PM10 is a name given to particles in the air that are small enough for us to be able to breathe them in. Some of the larger ones may only reach as far as our throats, while others may travel right down into our lungs. PM means particulate matter, while the '10' tells us how big the particles are, in micrometres or millionths of a metre. This is written as 10 µm. PM10 means that the biggest particles in a sample are about 10 µm in diameter. A sample of PM10 particles may also contain PM2.5 particles, which are so small that when we breathe them in, they can travel right down into the deep parts of our lungs. PM2.5 means that the largest particles have sizes of around 2.5 micrometres or µm. Common types of PM2.5 particles are smoke and exhaust fumes from vehicles.
Why is air quality important? Effects on human health and the environment.
There is increasing evidence that even relatively low levels of air pollution can have adverse effects on our health and consequently any improvement in air quality will result in improved health outcomes. Recent research indicates that fine particles pose the greatest risk to Australian communities, especially those living in our major cities; other pollutants such as nitrogen oxides and a range of organic (carbon containing) compounds are also of concern.
Pollutants such as airborne lead and sulphur dioxide were once a concern in urban areas, but this has been largely eliminated due to changes in vehicle fuels over the last thirty years or so. However they remain a strong focus in regional industrial cities such as Port Pirie.
Both short term and long term exposure to air pollution can have health effects, which is reflected by some pollutants having multiple standards. Health impacts can include premature death; aggravation of cardiovascular and respiratory diseases; damage to lung tissue, structure and function; cancer; and changes in the function of the nervous system. For most of the designated air pollutants in the AAQ NEPM, there is no concentration threshold below which there are no health effects, hence there is a residual risk even at concentrations currently experienced in South Australia and at concentrations that are below the NEPM standards.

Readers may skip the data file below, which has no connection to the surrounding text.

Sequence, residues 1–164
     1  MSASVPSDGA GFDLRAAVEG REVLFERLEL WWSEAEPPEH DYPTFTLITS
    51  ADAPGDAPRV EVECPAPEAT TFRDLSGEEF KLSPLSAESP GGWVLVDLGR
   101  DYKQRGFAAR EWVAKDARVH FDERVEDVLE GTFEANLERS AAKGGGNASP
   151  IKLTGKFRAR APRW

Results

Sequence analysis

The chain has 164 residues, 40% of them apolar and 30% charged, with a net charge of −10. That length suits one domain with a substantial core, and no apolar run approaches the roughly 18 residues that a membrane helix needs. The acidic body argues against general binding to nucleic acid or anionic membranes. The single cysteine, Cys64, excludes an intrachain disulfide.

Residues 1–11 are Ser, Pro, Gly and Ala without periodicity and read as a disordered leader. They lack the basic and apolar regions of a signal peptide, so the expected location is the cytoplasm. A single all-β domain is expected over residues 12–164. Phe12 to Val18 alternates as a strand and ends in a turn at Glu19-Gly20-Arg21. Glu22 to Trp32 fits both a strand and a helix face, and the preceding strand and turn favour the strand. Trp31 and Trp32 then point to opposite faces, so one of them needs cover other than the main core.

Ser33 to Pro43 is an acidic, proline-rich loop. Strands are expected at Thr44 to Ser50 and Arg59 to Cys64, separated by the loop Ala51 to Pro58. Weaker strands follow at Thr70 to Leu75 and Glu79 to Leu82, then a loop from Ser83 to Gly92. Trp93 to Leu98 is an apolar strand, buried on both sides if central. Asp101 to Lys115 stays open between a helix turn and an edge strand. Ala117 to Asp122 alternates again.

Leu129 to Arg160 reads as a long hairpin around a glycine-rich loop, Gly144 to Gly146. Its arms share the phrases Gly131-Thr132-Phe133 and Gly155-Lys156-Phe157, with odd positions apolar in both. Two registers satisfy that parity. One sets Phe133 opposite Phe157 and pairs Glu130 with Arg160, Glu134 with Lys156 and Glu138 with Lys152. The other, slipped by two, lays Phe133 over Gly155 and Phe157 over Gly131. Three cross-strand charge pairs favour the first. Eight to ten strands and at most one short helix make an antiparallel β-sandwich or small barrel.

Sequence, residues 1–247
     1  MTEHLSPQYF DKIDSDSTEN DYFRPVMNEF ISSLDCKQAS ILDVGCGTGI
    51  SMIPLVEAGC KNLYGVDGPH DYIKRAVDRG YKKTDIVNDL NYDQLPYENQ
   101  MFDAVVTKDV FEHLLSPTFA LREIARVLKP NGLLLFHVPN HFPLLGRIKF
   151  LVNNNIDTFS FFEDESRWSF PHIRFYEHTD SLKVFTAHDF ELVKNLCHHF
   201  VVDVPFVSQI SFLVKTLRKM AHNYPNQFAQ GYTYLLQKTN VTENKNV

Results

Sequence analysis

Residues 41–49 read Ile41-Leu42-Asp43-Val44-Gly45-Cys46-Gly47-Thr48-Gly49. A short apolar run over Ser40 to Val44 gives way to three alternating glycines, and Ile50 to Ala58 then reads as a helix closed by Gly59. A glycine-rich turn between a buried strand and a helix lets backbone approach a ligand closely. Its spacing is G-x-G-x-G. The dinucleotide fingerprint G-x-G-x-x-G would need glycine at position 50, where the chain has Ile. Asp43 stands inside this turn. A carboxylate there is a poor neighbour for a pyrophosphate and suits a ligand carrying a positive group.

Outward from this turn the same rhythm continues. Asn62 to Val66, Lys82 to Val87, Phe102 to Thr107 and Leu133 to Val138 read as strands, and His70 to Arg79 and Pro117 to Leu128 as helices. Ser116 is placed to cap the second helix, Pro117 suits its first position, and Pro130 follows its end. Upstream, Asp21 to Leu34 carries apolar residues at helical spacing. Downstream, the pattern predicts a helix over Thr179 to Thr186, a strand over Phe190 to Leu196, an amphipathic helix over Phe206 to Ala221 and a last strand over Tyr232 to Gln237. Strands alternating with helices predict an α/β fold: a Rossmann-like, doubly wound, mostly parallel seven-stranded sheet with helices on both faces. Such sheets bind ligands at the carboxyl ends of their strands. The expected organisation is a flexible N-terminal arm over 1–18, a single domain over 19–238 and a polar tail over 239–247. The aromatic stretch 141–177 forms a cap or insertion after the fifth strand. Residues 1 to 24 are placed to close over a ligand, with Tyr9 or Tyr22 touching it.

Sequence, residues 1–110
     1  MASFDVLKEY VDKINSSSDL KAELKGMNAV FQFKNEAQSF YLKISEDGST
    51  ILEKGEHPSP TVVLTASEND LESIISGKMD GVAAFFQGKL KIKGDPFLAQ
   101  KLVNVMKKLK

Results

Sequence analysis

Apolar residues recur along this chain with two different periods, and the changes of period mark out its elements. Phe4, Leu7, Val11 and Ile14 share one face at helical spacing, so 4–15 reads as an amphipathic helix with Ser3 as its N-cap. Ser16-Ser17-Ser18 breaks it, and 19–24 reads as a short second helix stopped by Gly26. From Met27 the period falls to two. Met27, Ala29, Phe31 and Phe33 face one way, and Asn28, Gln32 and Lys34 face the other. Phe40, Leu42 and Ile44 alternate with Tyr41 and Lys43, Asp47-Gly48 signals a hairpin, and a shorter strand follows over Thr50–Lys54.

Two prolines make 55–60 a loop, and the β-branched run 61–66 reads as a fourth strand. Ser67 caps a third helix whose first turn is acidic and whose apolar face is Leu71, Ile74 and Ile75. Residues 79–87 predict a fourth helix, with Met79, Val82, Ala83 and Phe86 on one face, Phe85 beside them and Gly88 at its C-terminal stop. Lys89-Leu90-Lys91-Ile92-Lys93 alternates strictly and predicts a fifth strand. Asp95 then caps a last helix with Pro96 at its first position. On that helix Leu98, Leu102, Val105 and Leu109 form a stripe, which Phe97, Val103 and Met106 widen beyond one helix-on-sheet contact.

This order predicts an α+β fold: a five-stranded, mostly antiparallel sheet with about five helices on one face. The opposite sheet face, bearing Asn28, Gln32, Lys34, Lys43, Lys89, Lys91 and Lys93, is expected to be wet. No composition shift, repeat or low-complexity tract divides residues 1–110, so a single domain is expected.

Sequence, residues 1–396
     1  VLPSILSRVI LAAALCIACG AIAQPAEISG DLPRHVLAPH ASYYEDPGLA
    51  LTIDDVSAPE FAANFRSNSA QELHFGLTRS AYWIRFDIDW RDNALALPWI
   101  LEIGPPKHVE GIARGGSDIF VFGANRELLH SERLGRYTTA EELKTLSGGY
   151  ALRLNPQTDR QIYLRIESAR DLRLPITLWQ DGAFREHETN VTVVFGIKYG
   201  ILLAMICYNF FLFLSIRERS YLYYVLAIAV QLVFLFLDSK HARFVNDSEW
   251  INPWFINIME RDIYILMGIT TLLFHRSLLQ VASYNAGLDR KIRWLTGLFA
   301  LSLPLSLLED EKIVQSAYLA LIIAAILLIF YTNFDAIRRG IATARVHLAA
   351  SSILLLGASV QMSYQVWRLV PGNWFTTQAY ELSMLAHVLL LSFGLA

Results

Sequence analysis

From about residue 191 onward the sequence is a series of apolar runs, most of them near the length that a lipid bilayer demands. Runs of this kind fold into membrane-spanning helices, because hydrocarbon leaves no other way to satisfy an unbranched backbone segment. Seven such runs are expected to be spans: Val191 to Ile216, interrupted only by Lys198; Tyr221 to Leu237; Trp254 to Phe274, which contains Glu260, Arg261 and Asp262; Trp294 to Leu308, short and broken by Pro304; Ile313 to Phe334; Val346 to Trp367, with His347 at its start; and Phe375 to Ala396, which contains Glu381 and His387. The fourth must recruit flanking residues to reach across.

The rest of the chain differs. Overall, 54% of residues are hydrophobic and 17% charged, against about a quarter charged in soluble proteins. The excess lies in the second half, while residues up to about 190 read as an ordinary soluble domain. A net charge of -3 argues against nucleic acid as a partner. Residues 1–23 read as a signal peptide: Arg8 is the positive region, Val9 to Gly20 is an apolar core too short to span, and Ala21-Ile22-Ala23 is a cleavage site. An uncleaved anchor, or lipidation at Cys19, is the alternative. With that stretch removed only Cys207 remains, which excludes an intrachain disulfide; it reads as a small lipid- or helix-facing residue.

Some groups are particularly susceptible or sensitive such as children, the elderly and those with existing respiratory and cardiovascular conditions. Interactions between pollutants and natural conditions have the potential to exacerbate health impacts. A combination of poor air quality with excessive heat especially has shown to be a particular risk for vulnerable people.
Some pollutants, namely visual dust and odour, also have the potential to cause significant impacts on people's lives by adversely affecting their amenity. The main effect of environmental odour is nuisance, but stronger or persistent odours can lead to feelings of nausea, headache, loss of sleep and other symptoms of stress. Repeated exposure to nuisance levels of odour can lead to a high level of annoyance. While some people may become acclimatised to odours, others may become sensitised to them. Similarly, larger dust particles are not normally associated with direct health effects, but can cause irritation or nuisance to people by soiling clothes or collecting on surfaces.
Poor air quality can also impact on other aspects of the environment such as acidification or eutrophication of ecosystems, lower crop yields, bioaccumulation, and damage to plants and animals. Some species of plants and animals are sensitive to fluoride and sulphur dioxide at levels lower than those that would impact on human health. Air pollution can also damage buildings and other structures, for example through the formation of acid rain.